April 26: Supply Chain and ICU
My first day on the “job.” It was a great day because I wasn’t going to be in any meetings. I had the entire day to wander and explore Banner Good Sam. I was looking for stories about how each of you contributes to the Possibility of Improvement, from patient experience and clinical quality to patient safety and operational processes.
Banner Good Sam must be and will be an expert in the Science of Improvement. The ability to take any gap in process or outcome, and apply evidence-based performance improvements to demonstrate statistical improvement is a critical success factor for any hospital.
I quickly found many stories of improvement at Banner Good Sam. It started with meeting with our friends Noah and Dave from Supply Chain.
A few minutes with them, and it was clear how they are contributing to the Possibilities of Improvement at Banner Good Sam. They quickly took me to a supply closet in one of our ICU floors and demonstrated the inefficiencies of our system. Specifically, how we assign supplies to each unit.
Because there is no "just in time” philosophy regarding how supplies are stocked in each unit, the end result is supplies are stocked without any alignment with what the unit really needs at the time. That leads to waste at every level. David, Noah and their teams have decided to apply “lean” methodology and create a new system where the right supplies are placed in the right unit at the right time.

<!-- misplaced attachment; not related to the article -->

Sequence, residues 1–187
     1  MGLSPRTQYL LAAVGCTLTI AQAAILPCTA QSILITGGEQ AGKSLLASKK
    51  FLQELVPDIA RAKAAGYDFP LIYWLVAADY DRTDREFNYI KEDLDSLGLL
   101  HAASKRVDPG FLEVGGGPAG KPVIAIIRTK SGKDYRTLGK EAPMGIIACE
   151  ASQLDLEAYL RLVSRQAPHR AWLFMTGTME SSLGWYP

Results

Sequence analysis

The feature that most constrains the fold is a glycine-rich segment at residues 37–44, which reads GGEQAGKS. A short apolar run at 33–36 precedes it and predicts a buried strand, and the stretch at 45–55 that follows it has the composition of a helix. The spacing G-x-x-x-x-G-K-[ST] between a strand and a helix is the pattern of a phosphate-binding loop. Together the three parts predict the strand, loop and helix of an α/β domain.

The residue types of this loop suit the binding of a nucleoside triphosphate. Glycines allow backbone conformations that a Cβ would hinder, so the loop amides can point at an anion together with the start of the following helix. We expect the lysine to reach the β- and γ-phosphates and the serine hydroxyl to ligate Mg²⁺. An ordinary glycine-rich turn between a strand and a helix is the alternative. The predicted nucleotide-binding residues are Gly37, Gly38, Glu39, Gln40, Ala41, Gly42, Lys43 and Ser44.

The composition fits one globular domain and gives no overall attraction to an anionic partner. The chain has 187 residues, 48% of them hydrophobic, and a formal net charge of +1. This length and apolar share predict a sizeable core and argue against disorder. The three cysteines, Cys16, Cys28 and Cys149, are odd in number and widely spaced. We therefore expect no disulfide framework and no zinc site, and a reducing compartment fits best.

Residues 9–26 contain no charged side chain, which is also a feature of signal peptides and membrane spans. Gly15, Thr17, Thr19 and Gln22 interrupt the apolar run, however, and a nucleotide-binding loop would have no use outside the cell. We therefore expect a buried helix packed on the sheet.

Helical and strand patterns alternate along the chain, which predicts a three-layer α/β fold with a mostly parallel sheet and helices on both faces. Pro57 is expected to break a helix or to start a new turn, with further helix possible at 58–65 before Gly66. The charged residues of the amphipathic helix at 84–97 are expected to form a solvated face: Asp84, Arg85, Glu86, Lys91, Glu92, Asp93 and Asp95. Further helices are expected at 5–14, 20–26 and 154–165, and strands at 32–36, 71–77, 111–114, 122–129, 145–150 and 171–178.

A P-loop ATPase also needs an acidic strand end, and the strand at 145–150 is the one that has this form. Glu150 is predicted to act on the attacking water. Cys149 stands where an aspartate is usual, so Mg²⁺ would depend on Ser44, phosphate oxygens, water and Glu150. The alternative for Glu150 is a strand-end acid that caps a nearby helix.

I was impressed that this team had decided on their own to look for opportunities to create value and design a new, more efficient, effective and timely process. By the way, I also learned that if we create a system where each unit only receives the supplies they need at that time, this could lead to savings of up to $17,000 per supply room. High value indeed! It’s amazing the possibilities of improvement around us.
I then had the opportunity to tour some of our ICUs and floors that care for our patients with problems involving the brain and nervous system.
I met a family in the elevator who was here to visit their mother, a 78-year-old woman from Prescott. A few days ago, she woke up with an inability to speak and complete loss of feeling and strength on her right side. She was taken to a nearby Emergency Department for care. They immediately asked the Emergency Department to transfer them to the only hospital they trusted in Arizona – Banner Good Samaritan – to be cared for by the highly trained and experienced team of stroke specialists.
I asked them "Why Banner Sam?" What was so special about 12th Street and McDowell? The answer was simple. They said, “It’s all the teachers and learners around us all the time. These doctors must be great because they have all these students who follow them everywhere, and guess who they are talking about? My Mom!”
I smiled. Indeed this is a Place of Possibilities. Families traveling hundreds of miles for “different” care ... care that integrates teaching and scholarly activity at the bedside ... care they couldn’t find anywhere else.
Steve Narang, MD, is the chief executive officer at Banner Good Samaritan Medical Center.